Some planners (such as CPA’s offering financial planning for a fee) may not have the ability to help you execute on their recommendations and may be receiving compensation from other professionals as a referral fee.
Consider when hiring a financial professional whether you simply want investment management or if you want a more comprehensive financial planning approach as well. Some financial advisors may specialize in helping clients navigate the financial challenges of a divorce or loss of a spouse, while others may focus on getting their clients retirement ready while consulting on retirement income, Social Security, Medicare and long term care insurance planning strategies.
6. What are your incentives and conflicts of interest?
Ask advisors to describe any potential conflicts of interest. For example, advisors who sell insurance policies, annuities, securities, or mutual funds may have a direct or indirect business (selling) relationship with the companies that provide these products. Ask how much he or she is getting paid for the product they are pitching you.
Ask about any relationships they may have with investment, insurance, and other companies. Are they receiving any type of financial incentive that could be a conflict of interest in the products offered to you?”
Consider that an insurance agent may be in business to sell you “in house” insurance and annuity products or an investment advisor representative at a “big-named” bank or wire house may be geared to provide you their own product mix of funds, insurance, banking and lending solutions, which may be a conflict of interest.
7. How do you get paid?
Make sure to ask your advisor how they get compensated and on the frequency in which they get paid. In most cases this information should be provided in writing and signed by both the client and the advisor.
You can pay for financial advice in several ways: Typically, advisors charge a flat fee or hourly fee for financial planning advice and an additional ongoing “asset-based” fee for portfolio management. Some advisors could also earn up front commissions for selling additional investment and insurance-based products.
Fee-only vs Fee-based: “Fee-based” advisers charge an upfront fee, but they may also receive commissions for selling investment or insurance products. “Fee-only” advisors only make money from the fees they charge their clients and not from receiving any fees or compensation based on products sold. If you’re worried about being subjected to regular sales pitches, you might be better off with a fee-only financial advisor.
Financial Advisor vs Broker: The primary difference is that financial advisors assist with financial planning and investment management for a fee, while brokers primarily deal with investment management and are paid commissions to execute trades or buy and sell assets for clients.
Fiduciary vs Suitability: One critical legal difference between a stockbroker and a fully registered advisor hinges on the word “fiduciary.” A fiduciary is a professional who manages money for another. U.S. law places a positive obligation on any fiduciary to put the interest of its beneficiary first.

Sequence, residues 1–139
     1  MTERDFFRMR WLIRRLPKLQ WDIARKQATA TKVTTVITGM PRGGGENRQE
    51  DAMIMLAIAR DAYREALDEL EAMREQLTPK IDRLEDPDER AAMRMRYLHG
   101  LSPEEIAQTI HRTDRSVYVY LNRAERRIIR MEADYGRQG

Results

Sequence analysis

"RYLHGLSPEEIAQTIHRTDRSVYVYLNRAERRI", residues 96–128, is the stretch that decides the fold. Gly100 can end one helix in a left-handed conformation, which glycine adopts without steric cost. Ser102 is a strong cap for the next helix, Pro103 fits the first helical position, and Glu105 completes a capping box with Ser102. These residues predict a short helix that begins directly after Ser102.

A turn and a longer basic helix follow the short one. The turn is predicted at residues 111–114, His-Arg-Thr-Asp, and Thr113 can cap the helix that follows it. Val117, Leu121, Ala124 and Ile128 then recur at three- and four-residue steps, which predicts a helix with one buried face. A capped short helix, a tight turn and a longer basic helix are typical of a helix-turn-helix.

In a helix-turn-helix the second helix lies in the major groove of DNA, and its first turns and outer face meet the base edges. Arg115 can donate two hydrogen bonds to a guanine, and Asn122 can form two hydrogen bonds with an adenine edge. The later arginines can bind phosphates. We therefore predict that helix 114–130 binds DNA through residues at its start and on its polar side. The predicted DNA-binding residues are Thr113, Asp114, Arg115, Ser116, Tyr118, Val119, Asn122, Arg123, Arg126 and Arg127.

Under the Investment Advisers Act of 1940, all investment advisor representatives (IAR’s) (which many financial advisors are) carry a fiduciary obligation to their clients. This is not so with stockbrokers. Instead, the stockbroker must only follow the standard of “suitability,” which does not require the client’s interests to be placed first; stockbrokers need only provide suitable advice given the client’s resources.
Note: Stockbrokers owe fiduciary duties to their broker-dealers. Registered investment advisors do not have a broker-dealer, however they can associate with a broker-dealer. It is important to note that some financial advisors are not registered investment advisors; they are “registered representatives” who work for a broker dealer. These financial advisors are bound by the same suitability standard as stockbrokers, and the only difference between the two might be the securities licenses they hold.
8. What is your approach to financial planning?
A financial planner should be able to explain their process and approach to financial planning and working with clients (and put it in writing.) This will include establishing their client-planner relationship and fees – along with their process of gathering and analyzing your data before making recommendations.
Most professional financial advisors charge a separate fee for financial planning based on their client’s goals and case complexity. Financial advisors that are up to speed with technology may provide a comprehensive web-based tool, such as “E Money,” to help clients better organize, plan, track and manage their financial life in one place, in our opinion.
Many times, advisors that provide a “no-obligation” financial plan to “sign up with them” often are providing basic, entry level planning templates and jargon. In many cases, there is very little “personalized” financial planning advice in the plan itself.
9. Will you be the only financial advisor working with me?
Some financial advisors work with clients directly, and others have a team of people that work with them. Ask who will handle your investment account and ask whether the advisor works with professionals outside his/her own practice. If yes, ask for a list of names, roles and backgrounds.
Some advisors “outsource” the control, oversight and management of their client’s brokerage, insurance and annuity account holdings to internal and or third-party money managers. There is nothing wrong with this practice, as long as this has been disclosed to you, and you are aware of the risks, fees and track record of your selected account manager.
In many instances “teams” of advisors at larger bank and wire house institutions (each claiming to have a different specialty) work with a huge volume of clients – and may not provide you the advice and personalized service you may be seeking.
10. What is your personal investment experience?